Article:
Virginia voters by more than a 2-to-1 margin backed a proposal to issue $119 million in bonds to buy new land for parks and natural areas, and upgrade existing state parks.

In addition, voters in four local jurisdictions in Maryland and Virginia approved nearly $30 million in new spending to protect farms, purchase parklands, or otherwise preserve open spaces in their local communities.

The Virginia bonds, approved by 69 percent of the voters, will provide $36 million to 10 new natural area preserves and expand eight existing preserves to protect critical habitat. The money will also be used to acquire three new state parks, while increasing the size of 11 existing parks, to meet growing demands for recreational opportunities.

The remaining $83 million will be used to finance improvements and repairs at existing state parks.

Many of the land purchases will take place within the Bay watershed, and will be a step toward helping to achieve the Chesapeake 2000 agreement goal of permanently preserving 20 percent of the watershed as open space by 2010.

“New sources of dedicated funding for land conservation are essential if we are to keep the commitment to protect the Bay,” said Debi Osborne, director of the Chesapeake Field Office of the Trust for Public Land. “The value of this new bond is much greater than $119 million because these funds will also be able to match other funding sources and have a greater impact.”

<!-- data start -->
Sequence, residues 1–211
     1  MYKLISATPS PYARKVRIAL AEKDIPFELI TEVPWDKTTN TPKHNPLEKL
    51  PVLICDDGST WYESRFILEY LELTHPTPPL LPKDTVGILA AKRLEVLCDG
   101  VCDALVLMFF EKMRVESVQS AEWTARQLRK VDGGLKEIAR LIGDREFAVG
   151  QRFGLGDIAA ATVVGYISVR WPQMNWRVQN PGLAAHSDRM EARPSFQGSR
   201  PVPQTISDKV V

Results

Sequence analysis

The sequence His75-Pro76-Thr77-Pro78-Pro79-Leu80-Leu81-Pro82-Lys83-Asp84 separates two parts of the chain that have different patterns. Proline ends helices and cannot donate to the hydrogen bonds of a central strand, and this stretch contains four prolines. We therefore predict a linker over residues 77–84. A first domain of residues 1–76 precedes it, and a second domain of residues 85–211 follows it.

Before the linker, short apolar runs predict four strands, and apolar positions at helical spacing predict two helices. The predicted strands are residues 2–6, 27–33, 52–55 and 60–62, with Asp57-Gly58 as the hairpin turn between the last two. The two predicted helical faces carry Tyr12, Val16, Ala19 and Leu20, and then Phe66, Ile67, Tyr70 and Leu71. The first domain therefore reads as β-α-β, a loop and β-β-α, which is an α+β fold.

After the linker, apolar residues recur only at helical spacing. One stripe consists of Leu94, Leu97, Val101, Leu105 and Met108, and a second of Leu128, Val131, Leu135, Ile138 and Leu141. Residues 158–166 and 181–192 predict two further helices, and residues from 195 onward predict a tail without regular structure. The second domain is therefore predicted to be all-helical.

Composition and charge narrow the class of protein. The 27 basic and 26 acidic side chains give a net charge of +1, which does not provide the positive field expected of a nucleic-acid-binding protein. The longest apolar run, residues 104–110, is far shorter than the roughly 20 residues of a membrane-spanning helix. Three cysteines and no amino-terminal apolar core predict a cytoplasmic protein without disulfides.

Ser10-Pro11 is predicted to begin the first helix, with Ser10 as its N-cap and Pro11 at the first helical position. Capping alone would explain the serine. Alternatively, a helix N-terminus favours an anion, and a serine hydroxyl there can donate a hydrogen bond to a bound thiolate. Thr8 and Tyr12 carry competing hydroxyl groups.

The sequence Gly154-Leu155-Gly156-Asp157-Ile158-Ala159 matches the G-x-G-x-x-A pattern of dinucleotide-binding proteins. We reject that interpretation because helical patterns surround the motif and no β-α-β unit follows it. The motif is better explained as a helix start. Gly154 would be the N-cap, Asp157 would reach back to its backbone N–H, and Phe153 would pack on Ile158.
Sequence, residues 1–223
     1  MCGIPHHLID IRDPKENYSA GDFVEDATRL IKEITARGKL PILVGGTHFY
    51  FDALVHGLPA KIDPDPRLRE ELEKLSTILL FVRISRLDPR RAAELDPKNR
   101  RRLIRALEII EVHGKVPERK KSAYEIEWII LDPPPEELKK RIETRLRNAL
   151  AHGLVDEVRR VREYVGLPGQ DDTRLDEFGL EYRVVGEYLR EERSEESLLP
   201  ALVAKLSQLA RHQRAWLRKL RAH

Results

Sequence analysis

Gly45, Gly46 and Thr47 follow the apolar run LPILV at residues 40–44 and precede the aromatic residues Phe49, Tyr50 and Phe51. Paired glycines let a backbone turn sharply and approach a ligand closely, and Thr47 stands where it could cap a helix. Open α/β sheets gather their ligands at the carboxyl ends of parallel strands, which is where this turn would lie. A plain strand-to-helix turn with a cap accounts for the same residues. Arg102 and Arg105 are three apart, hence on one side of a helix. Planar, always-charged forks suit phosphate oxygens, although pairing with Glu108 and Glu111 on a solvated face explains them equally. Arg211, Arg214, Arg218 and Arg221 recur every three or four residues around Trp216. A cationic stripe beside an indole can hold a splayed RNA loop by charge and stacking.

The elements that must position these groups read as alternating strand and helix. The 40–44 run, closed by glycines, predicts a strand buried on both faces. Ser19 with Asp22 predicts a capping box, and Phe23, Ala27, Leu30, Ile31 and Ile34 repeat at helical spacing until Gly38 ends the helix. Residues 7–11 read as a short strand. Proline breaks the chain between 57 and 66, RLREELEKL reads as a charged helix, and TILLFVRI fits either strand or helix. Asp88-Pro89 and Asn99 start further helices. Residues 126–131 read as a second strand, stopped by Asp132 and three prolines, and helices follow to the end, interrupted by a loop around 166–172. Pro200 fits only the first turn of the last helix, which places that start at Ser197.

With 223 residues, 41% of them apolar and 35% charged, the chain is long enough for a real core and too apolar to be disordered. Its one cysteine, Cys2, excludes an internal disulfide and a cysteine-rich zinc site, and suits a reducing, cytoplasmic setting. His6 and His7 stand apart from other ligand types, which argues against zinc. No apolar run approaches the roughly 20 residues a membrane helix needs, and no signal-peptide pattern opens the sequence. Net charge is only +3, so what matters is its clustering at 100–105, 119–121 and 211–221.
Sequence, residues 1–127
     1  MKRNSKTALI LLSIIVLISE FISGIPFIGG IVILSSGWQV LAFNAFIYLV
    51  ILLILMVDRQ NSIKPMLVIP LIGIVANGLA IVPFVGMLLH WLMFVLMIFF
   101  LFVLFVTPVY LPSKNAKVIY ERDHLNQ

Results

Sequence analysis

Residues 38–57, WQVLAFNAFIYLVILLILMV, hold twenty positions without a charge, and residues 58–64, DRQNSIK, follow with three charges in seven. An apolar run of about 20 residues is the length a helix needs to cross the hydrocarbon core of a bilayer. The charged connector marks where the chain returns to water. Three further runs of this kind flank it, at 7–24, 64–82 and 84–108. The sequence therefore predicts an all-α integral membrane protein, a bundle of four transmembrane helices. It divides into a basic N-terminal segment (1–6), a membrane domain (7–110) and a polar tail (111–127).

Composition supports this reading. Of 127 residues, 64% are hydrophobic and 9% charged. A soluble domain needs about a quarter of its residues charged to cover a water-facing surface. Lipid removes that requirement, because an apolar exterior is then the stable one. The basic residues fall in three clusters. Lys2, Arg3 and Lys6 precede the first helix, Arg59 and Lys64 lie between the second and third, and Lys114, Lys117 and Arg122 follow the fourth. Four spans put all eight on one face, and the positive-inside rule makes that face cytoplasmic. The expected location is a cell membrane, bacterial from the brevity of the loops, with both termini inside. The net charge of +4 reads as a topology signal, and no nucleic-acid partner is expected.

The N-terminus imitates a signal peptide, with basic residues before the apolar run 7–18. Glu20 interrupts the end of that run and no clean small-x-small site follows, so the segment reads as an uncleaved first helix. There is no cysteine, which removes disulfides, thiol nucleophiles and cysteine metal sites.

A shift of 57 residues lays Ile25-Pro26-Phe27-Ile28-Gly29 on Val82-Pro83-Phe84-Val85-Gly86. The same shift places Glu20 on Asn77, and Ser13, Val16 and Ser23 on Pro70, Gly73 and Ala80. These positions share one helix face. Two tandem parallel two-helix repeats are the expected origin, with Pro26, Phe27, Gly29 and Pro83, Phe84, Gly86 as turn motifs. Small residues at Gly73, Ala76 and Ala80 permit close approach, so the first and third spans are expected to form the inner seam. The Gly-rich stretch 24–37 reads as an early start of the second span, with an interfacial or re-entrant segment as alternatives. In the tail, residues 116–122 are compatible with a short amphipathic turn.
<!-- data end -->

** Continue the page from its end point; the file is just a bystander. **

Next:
In a report for the Chesapeake Bay Commission, the Trust for Public Land estimated that about 6.7 million acres would need to be protected through land acquisition or permanent conservation easements to meet the Chesapeake 2000 agreement goal.

So far, it estimated that about 17.2 percent of the watershed has been preserved, leaving another 1.1 million acres to be protected to reach the goal. Among the Bay states, Pennsylvania has protected 18.8 percent of its portion of the watershed, Virginia 16.1 percent and Maryland 14.7 percent.

Virginia is the only Bay state without a dedicated source of funding for land protection programs.

“This positive vote clearly demonstrates that Virginians care about preserving open space,” said Roy Hoagland, Virginia executive director of the Chesapeake Bay Foundation.

Nationwide, 79 of 99 local and state measures seeking funds to protect land for parks and open space were approved by voters in November, according to the Trust for Public Land. Altogether, those measures provided $2.6 billion in funding.

Besides the Virginia vote, land measures approved in the Bay watershed included:

  • In Arlington County, VA, voters approved a $67.4 million bond for parks, conservation, roads, safety and other purposes, of which $8.5 million will be used to protect open spaces. The measure passed with 80 percent of the vote.
  • In Fairfax, VA, voters approved a $20 million bond to acquire and protect parkland, of which $15 million will be used to preserve open spaces. The measure passed with 70 percent of the vote.
  • In Baltimore County, MD, voters approved a $4.5 million bond issue to purchase farmland development rights. The measure passed with 73 percent of the vote.
  • Baltimore County voters also approved a $5.5 million bond to acquire and develop parks and open spaces, of which $25,000 will go toward protecting open spaces. The measure passed with 75 percent of the vote.